10. ^ McAvennie "1960s" in Dolan, p. 116: "The Teen Titans earned their own series after successful tryouts in both The Brave and the Bold and Showcase. Scribe Bob Haney and artist Nick Cardy promptly dispatched Robin, Aqualad, Wonder Girl, and Kid Flash...as the newest members of the Peace Corps."
  11. ^ McAvennie "1960s" in Dolan, p. 114: "Scribe Bob Haney and artist Ramona Fradon were truly in their element...Haney and Fradon's collaborative chemistry resulted in [Rex] Mason becoming Metamorpho."
  12. ^ Daniels, Les (1995). DC Comics: Sixty Years of the World's Favorite Comic Book Heroes. Bulfinch. p. 136. ISBN 0821220764. 
  13. ^ Stroud, Bryan (May 2013). "Metamorpho in Action Comics". Back Issue! (TwoMorrows Publishing) (64): 22–27. 
  14. ^ Reed, Bill (May 22, 2007). "365 Reasons to Love Comics #142". Comic Book Resources. Archived from the original on April 6, 2012. Retrieved April 6, 2012. 
  15. ^ McAvennie "1960s" in Dolan, p. 115: "By issue #50, The Brave and the Bold developed into the ultimate team-up book. The Brave and the Bold #59 added one final element to the team-up theme, when writer Bob Haney and artist Ramona Fradon partnered Batman with Green Lantern."
  16. ^ McAvennie "1960s" in Dolan, p. 134: "When writer Bob Haney paired Green Arrow with Batman...artist Neal Adams targeted the Emerald Archer for a radical redesign."
  17. ^ Eury, Michael (August 2013). "The Batman of Earth-B: The Caped Crusader's Bravest and Boldest Writer, Bob Haney". Back Issue! (TwoMorrows Publishing) (66): 2–5. 
  18. ^ McAvennie "1960s" in Dolan, p. 123: "Aqualad found romance under the sea when scripter Bob Haney and artist Nick Cardy introduced him to fellow young Atlantean Tula, also known as Aquagirl."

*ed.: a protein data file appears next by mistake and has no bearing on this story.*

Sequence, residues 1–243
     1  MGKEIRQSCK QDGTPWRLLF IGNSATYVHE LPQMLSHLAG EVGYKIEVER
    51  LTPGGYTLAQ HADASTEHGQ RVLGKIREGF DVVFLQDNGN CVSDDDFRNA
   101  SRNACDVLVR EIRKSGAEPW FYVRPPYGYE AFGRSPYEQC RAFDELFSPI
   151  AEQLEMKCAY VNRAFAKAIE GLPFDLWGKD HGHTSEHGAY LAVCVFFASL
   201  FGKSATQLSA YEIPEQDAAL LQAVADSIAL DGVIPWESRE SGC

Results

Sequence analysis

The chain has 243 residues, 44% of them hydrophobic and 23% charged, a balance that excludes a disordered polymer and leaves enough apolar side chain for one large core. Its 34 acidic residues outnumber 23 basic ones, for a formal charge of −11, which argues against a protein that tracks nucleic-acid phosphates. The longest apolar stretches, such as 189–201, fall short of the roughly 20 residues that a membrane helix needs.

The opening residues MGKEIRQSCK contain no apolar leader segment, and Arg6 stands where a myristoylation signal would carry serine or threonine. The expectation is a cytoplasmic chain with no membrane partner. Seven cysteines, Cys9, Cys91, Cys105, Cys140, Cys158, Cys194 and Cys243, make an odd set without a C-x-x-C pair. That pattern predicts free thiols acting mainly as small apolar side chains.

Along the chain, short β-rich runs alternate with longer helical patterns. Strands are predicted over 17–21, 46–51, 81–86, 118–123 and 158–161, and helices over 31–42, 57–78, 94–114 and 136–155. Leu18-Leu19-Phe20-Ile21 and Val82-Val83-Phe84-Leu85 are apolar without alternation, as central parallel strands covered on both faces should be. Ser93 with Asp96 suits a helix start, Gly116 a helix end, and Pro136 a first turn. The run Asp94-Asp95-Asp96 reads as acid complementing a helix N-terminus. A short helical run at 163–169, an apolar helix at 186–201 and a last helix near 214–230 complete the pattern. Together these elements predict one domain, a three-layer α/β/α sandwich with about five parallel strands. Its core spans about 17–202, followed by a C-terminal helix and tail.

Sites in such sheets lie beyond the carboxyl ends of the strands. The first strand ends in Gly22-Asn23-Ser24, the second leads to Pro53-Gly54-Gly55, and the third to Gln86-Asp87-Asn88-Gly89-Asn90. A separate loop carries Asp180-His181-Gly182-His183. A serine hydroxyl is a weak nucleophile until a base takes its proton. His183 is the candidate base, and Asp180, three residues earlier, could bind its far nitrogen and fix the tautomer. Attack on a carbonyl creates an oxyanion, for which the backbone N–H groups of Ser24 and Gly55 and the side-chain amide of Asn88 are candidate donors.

19. ^ McAvennie "1960s" in Dolan, p. 125: "Aquaman advisor Dr. Vulko debuted in September's The Brave and the Bold #73 in a story by scribe Bob Haney and artist Sal Trapani."
  20. ^ McAvennie "1970s" in Dolan, p. 157: "Scribe Bob Haney and artist Dick Dillin introduced the DC Universe to an alternate timeline starring the World's Finest offspring in January's World's Finest Comics #215."
  21. ^ Waid, Mark (w). "House of Mystery #1 DC Publishes Its First Horror Comic" Millennium Edition: House of Mystery 1 (September 2000)
  22. ^ Reed in "365 Reasons to Love Comics #142"
  23. ^ Levitz, Paul (2010). "The Bronze Age 1970-1984". 75 Years of DC Comics The Art of Modern Mythmaking. Taschen America. p. 540. ISBN 9783836519816. "It was undeniable, however, that the audacity of depicting the Prince of Peace's crucifixion in Our Army at War was attention getting. This story, arguably veteran writer Haney's most prestigious work, enriched by the magnificent [Alex] Toth art, was certainly that." 
  24. ^ McAvennie "1970s" in Dolan, p. 172: "Writer Bob Haney and artist Dick Ayers had no intention of terminating the Unknown Soldier...allowing DC to rename the [Star Spangled War Stories] series after the [character], starting with issue #205."
  25. ^ Shutt, Craig (January 9, 2008). "Haney and Cardy’s Lost Teen Titans Annual!". Comics Buyer's Guide. Archived from the original on June 30, 2013. Retrieved June 30, 2013. 
  26. ^ Catron, Michael (January 7, 2011). "Bob Haney Interviewed by Michael Catron Part Three (of Five)". The Comics Journal. Archived from the original on April 6, 2012. Retrieved April 6, 2012. "Ned Chase. He’s Chevy Chase’s father." 

External links[edit]

Preceded by
Robert Kanigher
All-American Men of War writer
1955–1963
Succeeded by
Robert Kanigher
Preceded by
France Herron
The Brave and the Bold writer
1956–1979
Succeeded by
Gerry Conway
Preceded by
Jack Miller
Aquaman writer
1966–1968
Succeeded by
Steve Skeates
Preceded by
n/a
Teen Titans writer
1966–1970
Succeeded by
Robert Kanigher
Preceded by
Steve Skeates
Teen Titans writer
1971–1973
Succeeded by
Bob Rozakis
Preceded by
Steve Skeates and Dennis O'Neil
World's Finest Comics writer
1972–1979
Succeeded by
Dennis O'Neil